Furthermore, the business model for MOOC needs to be broken down into the question of business model for whom? So there’s one question about the business model for a stand-alone MOOC provider like Coursera or Udacity. And another question about the business model of the MOOCs for the faculty and instructors involved. As a faculty member, I see MOOCs of the tremendous opportunity even if I don’t make any money at all from the MOOC.

The opportunity to reach out and interact with tens or hundreds, a thousand of students all around the world is extraordinarily rewarding and valuable to me in many different ways. It helps me communicate my ideas, a grow my network, it helps establish myself as an expert in the field, and get more consulting work. In my case, I have a book about Gamification which is by no means the reason I taught the course but I’m sure that having all these students take my MOOC helped sell copies of the book.

So again it’s wrong to think of a business model just in terms of the effort in and indirect compensation for it. That being said there are many different arrangements being tried. I am sure all that is going to evolve but if there is value being produced for the universities then there’ll be need to ensure that the people who define, developed the content get appropriate compensation otherwise there won’t be enough quality content that gets develop by those experts.

Jeevan: It looks like you are quite sanguine about the future of MOOCs.

Kevin: The number of major universities and institutions around the world that have made serious commitments is unlike anything we’ve seen before. As I look at it there is a vast demand for learning, some of that is within the traditional educational institutions, some of that is within the larger Learning and Development world and some of that is in the informal learning sector.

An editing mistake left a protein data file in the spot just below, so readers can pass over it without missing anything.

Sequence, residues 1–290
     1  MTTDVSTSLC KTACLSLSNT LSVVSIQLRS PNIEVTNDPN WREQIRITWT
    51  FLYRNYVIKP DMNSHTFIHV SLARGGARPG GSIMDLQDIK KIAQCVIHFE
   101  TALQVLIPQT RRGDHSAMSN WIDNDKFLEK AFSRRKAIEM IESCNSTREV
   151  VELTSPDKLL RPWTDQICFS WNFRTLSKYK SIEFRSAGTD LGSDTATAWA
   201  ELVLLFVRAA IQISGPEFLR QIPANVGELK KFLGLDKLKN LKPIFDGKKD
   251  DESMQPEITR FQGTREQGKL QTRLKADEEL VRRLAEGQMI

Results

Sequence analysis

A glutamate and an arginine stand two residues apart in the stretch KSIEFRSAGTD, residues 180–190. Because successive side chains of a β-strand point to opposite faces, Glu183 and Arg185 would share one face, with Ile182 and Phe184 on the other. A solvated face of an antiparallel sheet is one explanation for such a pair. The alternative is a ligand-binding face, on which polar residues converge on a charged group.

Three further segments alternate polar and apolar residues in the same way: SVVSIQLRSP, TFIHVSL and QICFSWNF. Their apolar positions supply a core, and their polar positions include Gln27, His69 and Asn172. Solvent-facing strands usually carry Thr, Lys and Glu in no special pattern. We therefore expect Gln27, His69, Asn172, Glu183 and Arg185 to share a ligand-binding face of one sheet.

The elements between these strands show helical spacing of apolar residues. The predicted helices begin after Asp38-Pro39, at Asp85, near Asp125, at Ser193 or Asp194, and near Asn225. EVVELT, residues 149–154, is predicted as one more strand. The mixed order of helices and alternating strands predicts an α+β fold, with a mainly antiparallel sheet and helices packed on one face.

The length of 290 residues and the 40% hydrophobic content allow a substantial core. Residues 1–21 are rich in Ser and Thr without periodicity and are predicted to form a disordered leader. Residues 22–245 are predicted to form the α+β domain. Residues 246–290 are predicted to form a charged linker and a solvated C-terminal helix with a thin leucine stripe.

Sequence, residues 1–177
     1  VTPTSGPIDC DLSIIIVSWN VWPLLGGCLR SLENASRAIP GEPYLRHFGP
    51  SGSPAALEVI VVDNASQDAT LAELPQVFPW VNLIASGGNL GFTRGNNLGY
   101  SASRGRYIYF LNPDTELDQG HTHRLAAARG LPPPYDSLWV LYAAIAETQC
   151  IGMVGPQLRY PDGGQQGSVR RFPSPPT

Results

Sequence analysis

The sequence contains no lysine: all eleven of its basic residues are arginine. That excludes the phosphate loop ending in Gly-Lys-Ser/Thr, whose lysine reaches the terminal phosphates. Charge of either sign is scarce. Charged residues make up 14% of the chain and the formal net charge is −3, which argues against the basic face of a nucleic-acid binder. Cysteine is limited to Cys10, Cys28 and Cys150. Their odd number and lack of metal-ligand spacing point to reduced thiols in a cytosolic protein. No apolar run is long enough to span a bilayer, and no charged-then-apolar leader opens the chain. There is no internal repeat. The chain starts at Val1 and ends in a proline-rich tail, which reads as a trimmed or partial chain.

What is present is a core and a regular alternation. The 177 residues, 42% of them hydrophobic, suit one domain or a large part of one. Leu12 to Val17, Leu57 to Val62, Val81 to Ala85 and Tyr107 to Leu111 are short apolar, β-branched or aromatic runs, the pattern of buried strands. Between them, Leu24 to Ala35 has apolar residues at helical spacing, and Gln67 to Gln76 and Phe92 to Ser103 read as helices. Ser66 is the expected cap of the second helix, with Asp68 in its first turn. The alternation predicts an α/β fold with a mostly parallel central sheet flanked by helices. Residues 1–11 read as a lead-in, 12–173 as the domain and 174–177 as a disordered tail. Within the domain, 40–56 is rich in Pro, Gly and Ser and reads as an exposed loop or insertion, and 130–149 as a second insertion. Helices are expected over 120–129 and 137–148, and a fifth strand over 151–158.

MOOC have the potential to crossover those boundaries. Exactly how it’s going to work, I don’t know. There are down sides to MOOCs and there is no guarantee that the all existing MOOC providers will succeed. But I think of MOOCs as bet on the internet and you really don’t want to bet against the internet.

Jeevan: Let us talk about MOOCs as a learning resource in organisational or employee learning. MOOCs are designed and targeted for individual learning. Our thinking at Learning Café is that it seems relevant to use MOOCs as one of the learning options for employee development. What are your views on using MOOCs to bridge employee capability gaps?

Kevin: Oh! No question. I think that we have an artificial distinction between the learning that goes on in a university context and learning that goes on in a corporate context. MOOC content and structure that worked in one context don’t necessarily work equal on the other but there’s no reason at all why there could not be a crossover.

In the case of my MOOC, more than three quarters of the 145,000 learners who took my MOOC were professionals who were interested in developing this knowledge. So, absolutely, I think that is an important key on what’s going on right now.

Jeevan: MOOCs have the potential of disrupting corporate training as much as it has done in the academic world. Take the example of a new regulation (like Basel III for financial institutions). Typically what happens that each bank will build or buy their own course for meeting compliance requirements? If someone develops and runs a MOOC on the general principles of Basel III, it can be supplemented by learning that is more tailored for the organization. Would that model work?

Kevin: Absolutely! I think this is our wonderful opportunity for experimentation. We have all sorts of assumptions about what a course is. MOOCs I think are a way to break out of those assumptions. I ought the precaution that the fact that there’s that potential and that level of experimentation happening now doesn’t necessarily mean it will be an unqualified success.

Part of work that excites me is the opportunity to develop new kinds of just in time learning. In my case, I taught a course about gamification that’s not a standard course that’s offered in a university and didn’t exist two years ago as a defined field. So, the MOOC was a way to teach about that area more broadly than I could have in any other way.

Jeevan: Thanks, Kevin for your time. MOOCs for Organisational Learning – Conversation with Kevin Werbach – Wharton School